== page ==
I usually love the combination of both. But to be honest, this time I produced the whole album in the box. Not on purpose, I just never felt the need to turn on a synth, I had just moved to a new computer with a ton of new software, and I was truly inspired by all the new plug ins, so I never even turned away from the screen. I am super happy with the result, and I have proven to myself, that I don’t need hardware at all, but to be honest I wouldn’t want to miss it. It’s just great to turn on a synth, and play the keyboard while creating a sound. And it does sound different – dirtier. With plug ins, many times you have to add dirt, with hardware, you have to get rid of some of it.
– Let’s focus on the album ‘Never Ending Winding Roads’. What mostly inspired you to do this?
Well, I had some extra time since I wasn’t able to tour, so I spent more time in the studio. It all started with me opening some recent projects, and starting to finalize them. In-between I was laying down new ideas, and suddenly I had 6-7 tracks that sounded very well together. So I kept on writing more tunes, until I had these 11 tracks. Then I arranged and mixed them, and here we are. 😉
– The album title is significative, does it allude to anything related in every step you made in music?
You can read it in many ways, and I do like to leave it up to the imagination of the people to paint their own picture.
– What can you tell us about the creative process behind the 11 tracks?
I was basically playing around with the new plug ins, this often led to simple track ideas, and by adding more sounds I slowly created the tunes. It’s hard to explain how music writing works for me, it’s a very natural process, and the mood I am in definitely influences the music that I am writing. Since I wrote this album in a rather short period (compare to the last albums), and I didn’t leave the studio/city for touring, which brings in nee influences, I was able to stay in that same zone and come up with 11 tracks, that work very well together, even though they are quite different from each other.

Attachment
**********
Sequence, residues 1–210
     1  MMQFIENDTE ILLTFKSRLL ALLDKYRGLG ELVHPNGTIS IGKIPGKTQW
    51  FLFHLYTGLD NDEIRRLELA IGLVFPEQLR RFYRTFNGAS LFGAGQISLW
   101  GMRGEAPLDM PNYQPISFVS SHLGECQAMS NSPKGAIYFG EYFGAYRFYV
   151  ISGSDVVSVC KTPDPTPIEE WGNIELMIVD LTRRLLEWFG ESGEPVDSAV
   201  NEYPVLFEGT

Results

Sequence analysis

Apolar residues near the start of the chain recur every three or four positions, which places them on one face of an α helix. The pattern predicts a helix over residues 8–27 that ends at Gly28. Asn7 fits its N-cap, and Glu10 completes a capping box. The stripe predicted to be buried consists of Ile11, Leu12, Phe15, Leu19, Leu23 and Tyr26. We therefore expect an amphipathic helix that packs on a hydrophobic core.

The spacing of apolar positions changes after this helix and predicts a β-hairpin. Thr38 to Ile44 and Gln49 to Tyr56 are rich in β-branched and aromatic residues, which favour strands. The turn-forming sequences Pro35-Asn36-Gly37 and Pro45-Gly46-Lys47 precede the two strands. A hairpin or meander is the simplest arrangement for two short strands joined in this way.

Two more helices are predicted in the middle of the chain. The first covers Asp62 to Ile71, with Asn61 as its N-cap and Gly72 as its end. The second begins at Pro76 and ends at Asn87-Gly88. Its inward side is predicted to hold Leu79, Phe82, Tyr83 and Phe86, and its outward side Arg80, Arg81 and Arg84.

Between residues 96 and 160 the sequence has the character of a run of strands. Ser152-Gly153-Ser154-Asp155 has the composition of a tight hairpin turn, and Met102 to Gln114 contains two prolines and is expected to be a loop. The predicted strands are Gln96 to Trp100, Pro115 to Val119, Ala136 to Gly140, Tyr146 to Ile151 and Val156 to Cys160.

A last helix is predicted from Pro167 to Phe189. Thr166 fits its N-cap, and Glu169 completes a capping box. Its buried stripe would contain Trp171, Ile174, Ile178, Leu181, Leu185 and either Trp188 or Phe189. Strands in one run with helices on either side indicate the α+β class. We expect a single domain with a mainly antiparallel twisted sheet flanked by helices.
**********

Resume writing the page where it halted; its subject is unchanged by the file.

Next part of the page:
– If you had to pick the three best tracks of the album, which would you choose?
To me this is one piece. My preferences depend on the situation, but I love o listen to the whole album, instead of single tracks. That’s what it’s made for, and that’s how I hope people will consume it, as a whole.
– Your label Poker Flat Recordings deserves a mention: 2020 signs it 20 years celebration,
how do you feel about that?
In a fast ever changing business, it’s a milestone. We would’ve never thought we’d get here when we first started the label. It feels great, and it feels even better, that people still appreciate us being here, and that artists send us demos because they want to be a part of the label as well.
– Are you aiming to something particular with the label in the next years?
The label always grew with the artists that were releasing on it. I mean there is something like a Poker Flat sound, at least people tend to say so, but it’s also in the hands of the artists who we work with. I am not a person who makes a plan where I want to be in 10 years from now, I do things today, and I do them because I stand 100% behind them. Of course you have to keep an eye on the future, but who truly knows what the future gonna look like, so better do something you are satisfied with today.
– Have you got any forthcoming projects you want to tell us about?
It all depends on where this crisis is taking us, how long clubs will have to stay closed etc. I might come up with another album, or a few side projects if the studio is the only place I am allowed to listen to loud music, who knows.
– Thank you for having spent the time to let our readers know more about your music and thoughts!
Thanks for having me.
Steve Bug’s album ‘Never Ending Winding Roads’ will be out soon on Poker Flat Recordings, you can pre-order it via this link: https://stevebug.lnk.to/WindingRoads
Poker Flat Recordings
Interview by Matteo Pitton